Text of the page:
The Sunday Mail
ORGANISERS of last weekend’s Lake July DJ Festival held at Lake Chivero’s Hunyani Hills have accused DJs that did not pitch up for the event of being greedy. This comes after merrymakers described the three-day event as a fraud after most of the major acts did not show up despite being the draw cards on the event’s posters.Speaking to The Sunday Mail Leisure, one of the organisers, Tawanda Madzara said the DJs pulled out demanding more money after realising the event’s potential.
“Some of these DJs had agreed to come and play for free because we wanted them to mentor the upcoming acts who were participating but they ended up demanding payment.
“Another headline DJ whom we had agreed to pay a certain fee shifted goal posts and started demanding more money when he realised that the event was bigger than he had anticipated,” said Madzara.
Some of the top DJs who were on the line-up but failed to show up include Stavo, Candyman, Storm, Leon and Dee Nosh.
On the other hand, the aforementioned DJs are singing a totally different tune, blaming the organisers for failing to pay them for their services.
DJ Candyman said he pulled out because the organisers had agreed to pay him before his performance but they failed to do so.
“These guys were supposed to give me US$100 to play for an hour, but when I realised that they were not willing to pay I decided to pull out.
“Imagine the fact that they used my name to advertise their event but wanted me to play for free. That is not reasonable because I don’t play for free unless it’s a charity event or there is some sort of agreement,” said Candyman.
DJ Stavo said he had several contractual disagreements with the organisers.
“These guys went on to advertise their event with my name on it before we had agreed on anything and when I asked them why they had done that they said they would sort it out,” he said.
“We then agreed on a figure and how they were supposed to pay but closer to the day, they started saying they could not afford to pay me because they had exceeded their budget. They even begged me to come just for an appearance but I refused because these guys just wanted to use me for free,” said Stavo.
Ray Dizz, who was supposed to battle with South Africa-based DJ Leon on day one, with the latter failing to pitch up, had agreed on a fee that was to be paid prior to the event but was told he would be paid after the show.
He said he got to play just for the fun of it, but was yet to be paid by the time of going to print.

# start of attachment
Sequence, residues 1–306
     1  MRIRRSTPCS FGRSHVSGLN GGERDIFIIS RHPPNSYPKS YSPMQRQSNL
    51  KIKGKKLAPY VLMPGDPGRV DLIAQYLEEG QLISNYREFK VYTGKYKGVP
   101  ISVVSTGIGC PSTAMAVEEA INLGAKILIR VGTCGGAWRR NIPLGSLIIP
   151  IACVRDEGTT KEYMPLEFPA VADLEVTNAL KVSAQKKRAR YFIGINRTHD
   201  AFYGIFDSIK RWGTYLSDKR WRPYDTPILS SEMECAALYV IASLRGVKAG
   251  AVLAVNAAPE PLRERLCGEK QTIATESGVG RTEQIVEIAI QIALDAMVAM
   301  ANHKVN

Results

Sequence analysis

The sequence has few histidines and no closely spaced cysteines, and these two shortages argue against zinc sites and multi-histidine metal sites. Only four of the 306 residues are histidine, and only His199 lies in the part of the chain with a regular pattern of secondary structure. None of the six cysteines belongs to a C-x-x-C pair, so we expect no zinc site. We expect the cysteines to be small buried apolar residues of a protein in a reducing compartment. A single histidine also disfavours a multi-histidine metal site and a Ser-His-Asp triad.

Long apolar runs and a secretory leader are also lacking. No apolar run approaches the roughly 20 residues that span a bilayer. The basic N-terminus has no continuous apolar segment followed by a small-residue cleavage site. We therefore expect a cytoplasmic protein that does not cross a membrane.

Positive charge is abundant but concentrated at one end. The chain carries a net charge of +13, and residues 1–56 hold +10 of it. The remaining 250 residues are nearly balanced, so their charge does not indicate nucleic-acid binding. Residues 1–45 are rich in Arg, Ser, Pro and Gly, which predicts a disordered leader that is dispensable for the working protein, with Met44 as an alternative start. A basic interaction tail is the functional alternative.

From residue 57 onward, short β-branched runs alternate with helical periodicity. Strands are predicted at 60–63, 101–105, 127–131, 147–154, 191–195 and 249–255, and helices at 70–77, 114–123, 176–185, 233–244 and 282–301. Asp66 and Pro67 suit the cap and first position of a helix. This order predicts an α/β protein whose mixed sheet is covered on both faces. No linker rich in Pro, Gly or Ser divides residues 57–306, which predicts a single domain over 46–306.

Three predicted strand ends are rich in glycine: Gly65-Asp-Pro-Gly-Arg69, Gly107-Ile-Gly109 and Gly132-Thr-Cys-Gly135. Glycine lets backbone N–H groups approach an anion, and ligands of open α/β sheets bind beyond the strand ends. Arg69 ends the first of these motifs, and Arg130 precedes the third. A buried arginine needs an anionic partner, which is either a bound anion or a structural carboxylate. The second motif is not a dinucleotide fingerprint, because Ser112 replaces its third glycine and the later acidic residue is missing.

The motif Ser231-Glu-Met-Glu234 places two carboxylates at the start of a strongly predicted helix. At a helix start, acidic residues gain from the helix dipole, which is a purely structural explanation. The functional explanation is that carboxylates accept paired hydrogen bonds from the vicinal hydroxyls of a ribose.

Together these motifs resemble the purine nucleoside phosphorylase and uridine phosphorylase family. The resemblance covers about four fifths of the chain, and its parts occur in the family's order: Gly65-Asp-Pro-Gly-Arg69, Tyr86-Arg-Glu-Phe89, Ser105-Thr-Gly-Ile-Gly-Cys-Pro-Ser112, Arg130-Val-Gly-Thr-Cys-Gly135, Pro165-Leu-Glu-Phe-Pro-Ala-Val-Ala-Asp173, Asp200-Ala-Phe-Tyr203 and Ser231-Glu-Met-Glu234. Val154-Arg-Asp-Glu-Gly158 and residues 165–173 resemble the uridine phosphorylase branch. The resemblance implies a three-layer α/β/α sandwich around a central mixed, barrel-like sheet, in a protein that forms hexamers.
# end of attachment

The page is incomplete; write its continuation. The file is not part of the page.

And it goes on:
“They even contacted me to come and play on Saturday but I had other engagements so I could not come through for that.”
However, despite all the drama that was happening in the background, the festival outcome was satisfactory.
With the first night proving to be disastrous as the sound system was not up to scratch, disappointing the few patrons in attendance. The Bonfire Party might as well be written off as a non-event despite a captivating stage set-up and affordable beverages. The persistent sound glitches left patrons feeling like they had been robbed.
Considering that start, no one could have predicted the outcome of the second day of the event.
Day two was the highlight of the festival, attracting thousands of merrymakers who came to enjoy the Beach Party.
The response was overwhelming to the extent that parking was a nightmare, with some fun lovers parking their cars as far as Bulawayo road and walking the rest of the way to the venue. The traffic congestion was also a pain with movement in and out of the venue being next to impossible. With most of the headline DJs pulling out of the event because of payment issues, the line-up proved to be weak, with most of the upcoming DJs who took to the stage failing to rise to the occasion.
But despite the poor displays on the decks, the crowd was in carnival mood and danced the night away.
There was a DJ battle segment, where upcoming acts were showcasing their talents behind the decks.
Towards midnight, Templeman and Garry B took to the stage and showed why Immortal Movement is one of the best DJ crews on the land with a playlist that had the crowd going wild.
Thereafter came Smiley’s Legendary Sound and Australia-based Infinity Sound who both drove the crowd into delirium with electric sets that created an explosive atmosphere.
However, most DJs played almost similar playlists, opting to play hit songs of the moment, and the music tended to be monotonous. Only a few DJs who included Professor and Young Fresh brought variety to their sets.
Although Sunday did not attract large numbers like the previous day, the turnout was not bad and the atmosphere was great for the picnic concept.
Madzara said they are happy with the response they got from both the corporate world and the public.
“We did not expect so much support from corporates considering that this is a new project but many companies came through and partnered us. I also want to applaud all the people who came in their numbers because they are the ones who made this festival a success.
“We had a slow start but the second day was a game changer because people came in their thousands, which was overwhelming because we never expected such a huge turnout,” said Madzara.
He said the first day’s glitches were caused by incompatibility between the electricity source and the sound system.
“We realised that the power source was failing to match the sound system so the following day we resorted to using a generator instead and everything worked out smoothly.”
He said they had taken notes from the event and would use them to plan for a bigger and better festival next year.
“I think next year we will use multiple venues at the Lake to accommodate various genres and to also avoid the congestion we experienced on the second day of the festival.”